ECMO (Extra corporeal membrane oxygenation) is a new and established modality of oxygenation and maintaining circulation when conventional ventilation or hemodynamic support is exhausted. It is also important for providing valuable time in bridging the gap between definitive management like ventricular assist devices and heart lung transplantation. Two major types of ECMO are used. The veno-arterial (VA) ECMO is chiefly designed to serve both purposes of cardio-pulmonary assistance in severe cardiogenic shock and veno-venous (VV) ECMO provides primary lung support. Landouzy’s sepsis [1] in disseminated tuberculosis is a rapidly progressive entity, and it leads to multi-organ failure and death in an immunocompromised person if not treated aggressively. This entity was first described by Parisian neurologist Louis Theophile Joseph Landouzy (1845-1917). Most of such cases have been reported from South-East Asia. Our patient was a young boy, not immunosuppressed but developed rapid progressive disease with severe ARDS and cardiogenic shock. Our patient was not adequately managed with multiple inotropes , we added levosimendan as a drug effective in acute cardiac failure cases. Levosimendan is an inodilator and it has cardioprotective action by acting on the potassium channels at the sarcolemma of cardiomyocytes [2]. Despite all such efforts our patient was sinking and we ECMO support was the call of the hour.

Studies with VA-ECMO in children has a survival rate of 88% but in critically ill adults the favourable outcome widely varies [3]. There have been recent advances in ECMO technology, which has incorporated improvement in biocompatility, monitoring and membrane lung oxygenation, but the role of VA-ECMO in septic shock is largely debated. The growing evidence and role of ECMO in peri-arrest situation has been reviewed recently [4] and we used it in our patient as a final attempt, considering his young age and treatable disease condition. Over the period 2003–2014 in the ELSO registry, survival to hospital discharge was 29% for patients who require ECPR [5]. In our case we used the femoral route and we faced some complications like limb ischaemia, which was appropriately managed, and we were able to salvage the limbs of our patient. The liver function per se deteriorated as he was on antitubercular drugs (pyrazinamide and rifampicin) and eventually shock contributed to low hepatic perfusion. We do not have the facility to perform thromboelastography (TEG) in our institute. The institution of VA-ECMO in our patient did improve the cardiac function in our patient dramatically within a span of one week (LVEF improved to 40%) and his lung compliance gradually improved and we were able to decrease oxygen requirements and ventilatory parameters steadily. The neurological status was a cause of concern especially in the backdrop of a hypoxic brain damage after cardiac arrest. The multiple punctate hemorrhages are typical of ECMO related CNS injury [6,7]. There are several trials reporting the incidence of nosocomial infection as high as 64% while on ECMO support [8], but fortunately we had sent every alternate day blood cultures, which were sterile.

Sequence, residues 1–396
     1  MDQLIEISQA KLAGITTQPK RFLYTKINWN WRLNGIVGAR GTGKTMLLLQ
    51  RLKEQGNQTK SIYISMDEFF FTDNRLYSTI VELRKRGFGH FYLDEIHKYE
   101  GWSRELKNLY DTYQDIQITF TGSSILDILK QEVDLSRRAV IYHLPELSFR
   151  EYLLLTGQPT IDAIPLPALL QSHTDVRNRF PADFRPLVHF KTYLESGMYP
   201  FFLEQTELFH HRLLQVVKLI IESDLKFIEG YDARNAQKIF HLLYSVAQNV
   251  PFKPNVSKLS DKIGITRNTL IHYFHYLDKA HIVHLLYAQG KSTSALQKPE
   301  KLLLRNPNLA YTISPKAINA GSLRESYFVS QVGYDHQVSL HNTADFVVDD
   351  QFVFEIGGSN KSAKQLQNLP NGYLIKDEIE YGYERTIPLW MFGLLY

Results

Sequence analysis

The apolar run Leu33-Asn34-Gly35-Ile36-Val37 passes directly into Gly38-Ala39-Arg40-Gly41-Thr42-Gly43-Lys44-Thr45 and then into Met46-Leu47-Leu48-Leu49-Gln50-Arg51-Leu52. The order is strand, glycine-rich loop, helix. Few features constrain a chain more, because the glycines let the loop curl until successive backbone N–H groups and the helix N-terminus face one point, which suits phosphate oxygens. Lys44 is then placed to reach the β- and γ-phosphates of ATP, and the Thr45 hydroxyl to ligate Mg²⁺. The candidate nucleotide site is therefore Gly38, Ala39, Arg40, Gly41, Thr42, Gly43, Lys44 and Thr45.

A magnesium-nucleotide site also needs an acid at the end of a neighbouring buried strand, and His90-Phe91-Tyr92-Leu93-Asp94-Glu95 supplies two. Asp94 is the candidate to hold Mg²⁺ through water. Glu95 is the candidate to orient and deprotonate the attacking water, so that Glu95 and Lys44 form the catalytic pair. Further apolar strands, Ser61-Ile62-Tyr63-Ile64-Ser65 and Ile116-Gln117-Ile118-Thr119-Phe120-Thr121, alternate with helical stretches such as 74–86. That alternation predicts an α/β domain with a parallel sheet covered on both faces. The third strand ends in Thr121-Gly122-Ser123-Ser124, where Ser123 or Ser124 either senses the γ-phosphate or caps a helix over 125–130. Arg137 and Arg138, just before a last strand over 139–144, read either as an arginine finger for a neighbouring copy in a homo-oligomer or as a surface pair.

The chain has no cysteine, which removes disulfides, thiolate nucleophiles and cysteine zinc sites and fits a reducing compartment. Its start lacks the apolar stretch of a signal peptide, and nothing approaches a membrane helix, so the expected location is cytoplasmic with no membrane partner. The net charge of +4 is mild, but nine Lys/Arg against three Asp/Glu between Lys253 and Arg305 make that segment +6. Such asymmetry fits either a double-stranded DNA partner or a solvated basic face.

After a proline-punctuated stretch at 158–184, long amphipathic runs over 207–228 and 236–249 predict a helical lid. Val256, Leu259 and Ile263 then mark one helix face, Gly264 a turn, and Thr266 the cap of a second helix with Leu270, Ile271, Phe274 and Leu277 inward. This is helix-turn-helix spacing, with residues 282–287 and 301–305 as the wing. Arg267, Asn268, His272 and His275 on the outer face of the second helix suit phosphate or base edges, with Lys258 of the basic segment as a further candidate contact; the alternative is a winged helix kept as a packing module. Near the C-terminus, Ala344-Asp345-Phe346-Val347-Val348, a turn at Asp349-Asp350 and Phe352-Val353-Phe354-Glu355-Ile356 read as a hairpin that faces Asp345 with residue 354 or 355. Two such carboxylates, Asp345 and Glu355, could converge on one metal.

VA-ECMO may thus be life saving in specific patient population especially with severe cardiac dysfunction [9]. The economic burden and complications of ECMO especially related to bleeding in vital organs or ischemic damage to limbs should be explained and taken care of.

References

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  8. Schmidt M, Bréchot N, Hariri S, Guiguet M, Luyt CE, et al. (2012) Nosocomial Infections in Adult Cardiogenic Shock Patients Supported by Venoarterial Extracorporeal Membrane Oxygenation. Clin infect Dis 55(12): 1633-1641.